Planning Blog 2008: 164: Thames Tunnel Sites Revealed And Consultation Launched

This is entry number 164, first published on 14 September 2010, of a blog on the implementation of the Planning Act 2008. Click here for a link to the whole blog. If you would like to be notified when the blog is updated, with links sent by email, click here.

Today's entry reports on the disclosure of the preferred Thames Tunnel route and the launch of consultation on it.

Thames Water has been working on a major project to provide additional sewage capacity in London. Yesterday, it launched the first round of public consultation on its proposed 'Thames Tunnel', which also revealed its preferred route and proposed land take for shafts to build and access the tunnel.

The Thames Tunnel is to be a 32km tunnel tracking the Thames but 70 metres below ground that will carry sewage, particularly during heavy rain conditions. At the moment the so-called 'combined sewer outflows' (CSOs) discharge into the Thames when there is so much rainwater that the existing system cannot cope. In other words, do not swim in or fall into the river during or after heavy rain!

Last week the government announced that this would be deemed a nationally significant infrastructure project (NSIP), which continued the policy of the previous government, and so it will use the Planning Act regime. A sewer is not actually listed in the Act as an NSIP, only a sewage works, but for the first and so far only time the government will use its powers to declare a project outside the definitions in the Act to fall within it.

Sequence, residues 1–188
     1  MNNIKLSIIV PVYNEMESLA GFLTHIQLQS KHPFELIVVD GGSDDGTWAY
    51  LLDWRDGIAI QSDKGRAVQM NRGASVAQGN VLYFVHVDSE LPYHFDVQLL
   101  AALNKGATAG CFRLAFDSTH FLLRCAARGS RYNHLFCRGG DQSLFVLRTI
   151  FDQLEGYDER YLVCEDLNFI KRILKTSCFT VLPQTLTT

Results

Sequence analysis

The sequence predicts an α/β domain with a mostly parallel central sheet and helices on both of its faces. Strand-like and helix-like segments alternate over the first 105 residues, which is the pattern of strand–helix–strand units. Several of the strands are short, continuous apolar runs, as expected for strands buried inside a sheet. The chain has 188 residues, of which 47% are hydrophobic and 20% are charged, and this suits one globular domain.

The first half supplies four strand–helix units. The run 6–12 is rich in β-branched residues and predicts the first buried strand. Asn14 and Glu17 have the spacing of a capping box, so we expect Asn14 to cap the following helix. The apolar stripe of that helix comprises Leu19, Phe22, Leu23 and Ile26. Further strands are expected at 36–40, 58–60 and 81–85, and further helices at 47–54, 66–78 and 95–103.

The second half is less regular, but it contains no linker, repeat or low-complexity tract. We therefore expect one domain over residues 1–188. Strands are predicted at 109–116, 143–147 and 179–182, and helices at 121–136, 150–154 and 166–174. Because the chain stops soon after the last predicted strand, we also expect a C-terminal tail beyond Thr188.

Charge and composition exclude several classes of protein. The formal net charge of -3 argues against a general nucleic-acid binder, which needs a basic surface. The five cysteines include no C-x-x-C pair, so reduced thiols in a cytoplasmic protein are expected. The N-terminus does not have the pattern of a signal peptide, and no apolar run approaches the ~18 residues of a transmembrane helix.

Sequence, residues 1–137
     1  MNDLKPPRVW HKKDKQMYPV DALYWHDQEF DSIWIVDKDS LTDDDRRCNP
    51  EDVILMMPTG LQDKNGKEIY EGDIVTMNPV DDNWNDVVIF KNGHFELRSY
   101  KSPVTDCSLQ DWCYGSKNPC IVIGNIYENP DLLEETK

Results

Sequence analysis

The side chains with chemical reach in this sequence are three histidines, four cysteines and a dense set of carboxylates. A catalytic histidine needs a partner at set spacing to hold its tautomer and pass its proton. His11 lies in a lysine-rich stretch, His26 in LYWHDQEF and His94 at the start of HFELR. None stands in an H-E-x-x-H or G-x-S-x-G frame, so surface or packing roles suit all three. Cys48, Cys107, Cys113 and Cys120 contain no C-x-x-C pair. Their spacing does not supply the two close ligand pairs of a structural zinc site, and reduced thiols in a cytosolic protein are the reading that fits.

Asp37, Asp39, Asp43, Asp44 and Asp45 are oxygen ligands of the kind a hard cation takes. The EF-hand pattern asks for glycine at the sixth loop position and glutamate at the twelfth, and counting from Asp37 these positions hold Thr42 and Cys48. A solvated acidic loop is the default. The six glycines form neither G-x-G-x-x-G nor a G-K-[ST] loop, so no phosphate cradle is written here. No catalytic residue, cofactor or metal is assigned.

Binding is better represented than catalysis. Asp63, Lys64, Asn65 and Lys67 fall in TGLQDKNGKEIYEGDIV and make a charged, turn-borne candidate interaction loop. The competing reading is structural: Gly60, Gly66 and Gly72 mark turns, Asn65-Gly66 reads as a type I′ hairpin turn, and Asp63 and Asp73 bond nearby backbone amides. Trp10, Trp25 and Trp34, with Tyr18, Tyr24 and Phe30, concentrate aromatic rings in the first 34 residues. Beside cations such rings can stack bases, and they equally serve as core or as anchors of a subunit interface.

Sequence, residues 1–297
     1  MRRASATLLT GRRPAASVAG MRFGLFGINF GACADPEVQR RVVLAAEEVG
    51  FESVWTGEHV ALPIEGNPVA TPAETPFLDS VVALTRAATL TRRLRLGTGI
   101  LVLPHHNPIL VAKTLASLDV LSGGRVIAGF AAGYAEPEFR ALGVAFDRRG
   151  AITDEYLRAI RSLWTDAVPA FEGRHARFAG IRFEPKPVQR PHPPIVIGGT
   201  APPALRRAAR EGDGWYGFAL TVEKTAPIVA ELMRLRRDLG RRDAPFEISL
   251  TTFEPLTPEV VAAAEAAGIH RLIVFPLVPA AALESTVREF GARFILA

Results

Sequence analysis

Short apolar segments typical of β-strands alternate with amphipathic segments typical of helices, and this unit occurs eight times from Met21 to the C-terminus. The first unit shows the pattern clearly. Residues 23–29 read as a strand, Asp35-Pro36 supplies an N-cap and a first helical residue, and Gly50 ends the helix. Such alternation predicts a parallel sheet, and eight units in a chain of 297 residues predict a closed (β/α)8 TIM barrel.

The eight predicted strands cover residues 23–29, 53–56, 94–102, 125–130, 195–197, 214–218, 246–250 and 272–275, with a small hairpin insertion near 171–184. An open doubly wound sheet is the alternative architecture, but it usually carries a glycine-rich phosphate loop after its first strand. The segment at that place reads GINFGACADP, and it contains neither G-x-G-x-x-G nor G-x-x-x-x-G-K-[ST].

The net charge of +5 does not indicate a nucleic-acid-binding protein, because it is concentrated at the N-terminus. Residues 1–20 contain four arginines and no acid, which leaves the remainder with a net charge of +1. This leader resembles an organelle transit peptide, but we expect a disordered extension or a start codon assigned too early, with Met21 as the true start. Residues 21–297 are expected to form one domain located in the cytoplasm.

As previously mentioned, the declaration cannot happen until an application is actually made for the project. Thames Water ought therefore to prepare and make 14 separate planning applications to the boroughs (and the City) along the route. It will be interesting to see if they do go through the full charade or just put one or two applications in. The forthcoming Localism Bill may also amend the Planning Act in time to allow an earlier declaration by the government.

The route

The proposed route is shown below in brown (image reproduced with kind permission of Thames Water) - to see a legible version visit the Thames Water cionsultation website and click on 'Tunnel route' on the left.

The favoured route is shorter than had previously been suggested, because rather than tracking the river all the way from Hammersmith to Beckton, the tunnel is to leave the river at Bermondsey and travel underground to Abbey Mills, where it can join the Lee Tunnel (already under...

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